Rheumatoid arthritis is a progressive inflammatory disease characterized by synovitis and joint destruction. Synovial cell proliferation results in pannus formation and fibrosis, which cause erosion of cartilage and bone. Cytokines, prostanoids, and proteolytic enzymes mediate this process. A cell-mediated immune response to an unidentified antigen appears essential in the pathogenesis of rheumatoid arthritis. Proinflammatory cytokines, such as interleukin-1 and tumor necrosis factor α, and T-cell initiation are the central mediators in rheumatoid arthritis.

In gouty arthritis, allantoin, the enzyme uricase that breaks down uric acid into a more soluble product, is deficient, resulting in tissue deposition of crystalline forms of uric acid. Although hyperuricemia is a risk factor for the development of gout, the exact relationship between hyperuricemia and acute gout is unclear. Acute gouty arthritis can occur in the presence of normal serum uric acid concentrations. Conversely, many patients with hyperuricemia may never develop gouty arthritis.

Secondary osteoarthritis resulting from previous trauma to the carpal bones or ligaments results in abnormal joint reaction forces with each movement of the wrist, causing misdirected forces that lead to some combination of loading forces. This process produces degeneration of the articular cartilage, resulting in radiocarpal arthritis, selective intercarpal arthritis, or pancarpal arthritis, depending on the initial injury and subsequent healing.

Scaphoid fractures can result in osteoarthritis by three mechanisms:

Kienböck disease results in lunatomalacia. The weakened lunate is subjected to a nutcracker effect between the prominent radius and the capitate head, causing progressive collapse. In its final stages, Kienböck disease leads to osteoarthritis in the radiolunate joint.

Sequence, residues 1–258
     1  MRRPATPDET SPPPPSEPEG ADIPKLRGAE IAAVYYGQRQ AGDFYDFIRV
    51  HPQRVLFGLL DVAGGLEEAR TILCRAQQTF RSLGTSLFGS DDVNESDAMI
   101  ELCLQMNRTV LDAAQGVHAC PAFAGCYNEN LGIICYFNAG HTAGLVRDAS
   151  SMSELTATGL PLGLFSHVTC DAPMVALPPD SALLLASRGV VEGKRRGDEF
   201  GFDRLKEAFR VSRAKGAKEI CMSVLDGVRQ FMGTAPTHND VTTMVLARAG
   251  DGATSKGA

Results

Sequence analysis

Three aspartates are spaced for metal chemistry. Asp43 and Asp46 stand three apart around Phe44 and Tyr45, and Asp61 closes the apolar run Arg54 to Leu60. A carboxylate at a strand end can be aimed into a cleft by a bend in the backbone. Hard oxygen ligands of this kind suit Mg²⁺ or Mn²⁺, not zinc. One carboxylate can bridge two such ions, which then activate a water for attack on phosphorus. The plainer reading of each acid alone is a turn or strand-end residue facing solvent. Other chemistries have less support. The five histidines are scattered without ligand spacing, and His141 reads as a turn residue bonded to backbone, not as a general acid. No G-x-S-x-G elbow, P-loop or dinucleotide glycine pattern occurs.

Diagnostic Imaging

The radiographic evaluation system we use for wrist arthritis is the Outerbridge classification of cartilage defects (Fig. 29-1). We have found that with an appropriate clinical history, dedicated articular cartilage imaging has a sensitivity and specificity reaching the 95% confidence interval. This tool has been confirmed by arthroscopic findings and clinical correlations. However, Haims and colleagues think that magnetic resonance imaging (MRI) of the wrist (41 indirect MR arthrograms and 45 unenhanced [nonarthrographic] MR images) was not adequately sensitive or accurate for diagnosing cartilage defects in the distal radius, scaphoid, lunate, or triquetrum, as demonstrated by correlating MRI with arthroscopic findings.11 In cases of synovitis and ulnar-sided pathology, MRI results are a strong indicator of which areas need to be addressed with the arthroscope. Cartilage defects are often confirmed after diagnostic arthroscopy is completed.

Arthroscopic abrasion arthroplasty, subchondral drilling, and microfracture can be performed for focal chondral defects in patients with moderate degenerative wrist arthritis or when plain radiographs indicate vascular necrosis. MRI is a sensitive method for excluding the diagnosis of avascular necrosis and for evaluating the extent to which fibrocartilaginous repair tissue has formed postoperatively. These methods have been demonstrated for knee pathology, and we have established the same protocols for wrist defects.11.12

Jun 19, 2016 | Posted by in MUSCULOSKELETAL MEDICINE | Comments Off on Wrist Arthritis: Arthroscopic Synovectomy, Abrasion Chondroplasty, and Radial Styloidectomy of the Wrist